On Friday things started to go downhill. I had terrible joint pain that was dramatically worse than any I had while I was on Paclitaxol before. I’m not sure if the pain was just due to the Docetaxol or it was the combination of Docetaxol and Pamidronate. Whatever the cause it sucked. Fortunately 1 extra strength Tylenol gave me almost 5 hours of relief. I didn’t do much on the weekend other than wait for the pain to just go away. By Monday the pain had improved and I was dealing with low level nausea which made me not want to eat. And since I wasn’t eating I was feeling nauseous. Such a lovely cycle.
This went on for a week and a half. I had zero energy and pretty much just sat on the couch watching time pass. Not the most exciting time. And then I started to get a headache……..ohhhhhhhhh. A giant lightbulb lit up over my head……..this nausea is not from the chemo it is from the lesion on my skull, I just needed the headache as the clue.
So, back on the low dose of the dexamethasone steroid I had been on to help control the lesion symptoms. Holy flip of a switch Batman, literally within a couple hours the nausea was going away. It was gone by the next day. Lesson learned. Stay on the low dose steroid.
Life went back to sort of normal. My energy was still lower than pre chemo but I at least felt human again. And I still have all the Bell’s symptoms of bad balance, being deaf, buzzing in my ear, and dysfunctional taste buds but at least I don’t feel sick all the time. Gotta take what you can get.
The next few days passed uneventfully, except for shaving my head. I wanted to bake some zucchini bread and my hair was started to come out in small clumps so to prevent any nasty surprises in my bread I took Ian’s electric shaver to my head. I did an okay job but Ian had to tidy me up a bit.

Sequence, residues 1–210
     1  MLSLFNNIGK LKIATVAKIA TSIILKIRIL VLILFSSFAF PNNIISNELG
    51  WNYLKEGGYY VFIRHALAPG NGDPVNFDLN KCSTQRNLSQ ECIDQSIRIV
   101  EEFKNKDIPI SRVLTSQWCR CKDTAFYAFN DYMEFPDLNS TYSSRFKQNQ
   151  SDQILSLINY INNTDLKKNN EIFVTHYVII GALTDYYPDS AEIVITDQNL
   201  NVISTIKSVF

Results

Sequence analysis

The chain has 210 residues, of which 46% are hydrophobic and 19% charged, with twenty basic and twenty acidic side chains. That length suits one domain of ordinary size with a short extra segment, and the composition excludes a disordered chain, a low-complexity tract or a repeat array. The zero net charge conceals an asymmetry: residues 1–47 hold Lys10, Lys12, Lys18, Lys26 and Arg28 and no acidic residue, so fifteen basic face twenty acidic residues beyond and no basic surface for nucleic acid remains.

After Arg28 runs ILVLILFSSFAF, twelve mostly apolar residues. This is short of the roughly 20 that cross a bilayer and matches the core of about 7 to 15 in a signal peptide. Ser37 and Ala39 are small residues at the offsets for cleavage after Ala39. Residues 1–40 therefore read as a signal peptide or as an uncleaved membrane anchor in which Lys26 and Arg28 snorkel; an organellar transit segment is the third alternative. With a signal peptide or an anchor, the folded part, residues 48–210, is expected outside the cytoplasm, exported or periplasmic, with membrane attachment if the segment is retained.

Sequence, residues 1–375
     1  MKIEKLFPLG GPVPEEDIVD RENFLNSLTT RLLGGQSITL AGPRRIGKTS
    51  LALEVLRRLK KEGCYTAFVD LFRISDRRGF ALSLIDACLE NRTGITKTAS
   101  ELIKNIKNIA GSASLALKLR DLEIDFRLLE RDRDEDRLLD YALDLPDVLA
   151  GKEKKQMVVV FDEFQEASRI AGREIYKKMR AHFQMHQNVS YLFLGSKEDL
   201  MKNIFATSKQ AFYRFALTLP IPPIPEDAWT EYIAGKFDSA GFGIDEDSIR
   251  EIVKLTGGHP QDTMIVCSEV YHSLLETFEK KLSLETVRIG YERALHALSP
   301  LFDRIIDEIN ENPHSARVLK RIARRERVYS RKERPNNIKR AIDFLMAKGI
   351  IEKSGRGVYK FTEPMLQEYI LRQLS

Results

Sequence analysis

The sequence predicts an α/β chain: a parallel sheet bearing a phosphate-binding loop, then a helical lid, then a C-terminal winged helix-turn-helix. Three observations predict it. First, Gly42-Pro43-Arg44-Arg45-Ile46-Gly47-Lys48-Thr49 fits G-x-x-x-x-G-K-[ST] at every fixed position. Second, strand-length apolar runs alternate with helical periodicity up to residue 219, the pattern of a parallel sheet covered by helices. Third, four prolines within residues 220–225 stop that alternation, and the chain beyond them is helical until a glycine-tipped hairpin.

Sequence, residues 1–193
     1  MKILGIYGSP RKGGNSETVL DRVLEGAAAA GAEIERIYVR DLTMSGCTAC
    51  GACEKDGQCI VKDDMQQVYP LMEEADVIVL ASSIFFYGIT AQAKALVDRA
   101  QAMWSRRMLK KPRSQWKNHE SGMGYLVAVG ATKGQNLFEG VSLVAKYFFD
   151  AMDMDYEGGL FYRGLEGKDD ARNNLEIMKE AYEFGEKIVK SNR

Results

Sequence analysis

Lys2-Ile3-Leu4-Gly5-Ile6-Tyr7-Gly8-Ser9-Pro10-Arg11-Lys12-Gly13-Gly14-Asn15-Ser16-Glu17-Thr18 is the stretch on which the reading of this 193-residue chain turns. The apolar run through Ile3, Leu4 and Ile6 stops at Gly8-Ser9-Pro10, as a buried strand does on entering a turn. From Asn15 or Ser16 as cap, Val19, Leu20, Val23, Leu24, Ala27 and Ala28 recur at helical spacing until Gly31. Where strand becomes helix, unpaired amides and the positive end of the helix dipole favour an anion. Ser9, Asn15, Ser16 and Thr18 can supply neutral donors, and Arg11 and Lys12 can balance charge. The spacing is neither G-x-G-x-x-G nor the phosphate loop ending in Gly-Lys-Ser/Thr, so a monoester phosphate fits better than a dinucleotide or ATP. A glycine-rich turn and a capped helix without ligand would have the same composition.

And then it was time for my birthday!!!!! I made it to 40.
Ian was off and we had a pretty mellow day. We had lobster for dinner…..my favourite! And Rice Krispie squares for dessert, seemed like a creative combination. I didn’t want to go too overboard to conserve my energy for the weekend, our trip to Vancouver, and my birthday party.
On Saturday morning Ian and I packed up the pets and with a stop at Saanich Peninsula Hospital so I could get my bloodwork done, we headed to the ferry. We stayed at the Granville Island Hotel. I have eaten in both the brewpub (yummy pink hibiscus beer in the summer) and the restaurant in the past but I had never been in the hotel part before. It was a great place to stay, pet friendly, close to the party location, and it is only a short bus ride over Granville Bridge to the Fluevog store. I had time after check-in to pick up some birthday shoes…….
Thanks, Laura, for the photo!
Birthday shoes purchased it was time to get ready to do a little partying. It wasn’t too difficult, mostly it was deciding which tuque to wear so my bald head didn’t freeze. The party was being held at the Wicklow Pub which used to be Ian’s and my local pub while we lived in Vancouver. We had lots of good times there so it was fun to go back.
I had a fantastic night!!!! Thank you to everyone who came out to celebrate with me. You have all been such a great support for both Ian and I as we have muddled our way through the world of cancer. A special shoutout to Lee, Lois, and Julie that came from Winnipeg and Jen who came in from Yellowknife. And thank you to Tess, the SPH baker extraordinare, for supplying the cupcakes…….mmmmmmm………cupcake sandwiches……
Turning 40 became my long-term goal after getting my diagnosis and I had always planned a big party to celebrate getting there. Now I am thinking about what my next goal, and excuse for the next big party, should be. I have a couple of ideas so I will keep you posted.
Sunday it was time to return home to Victoria as Monday morning was round 2 of chemo. This post is long enough so I will leave those gory details for another post.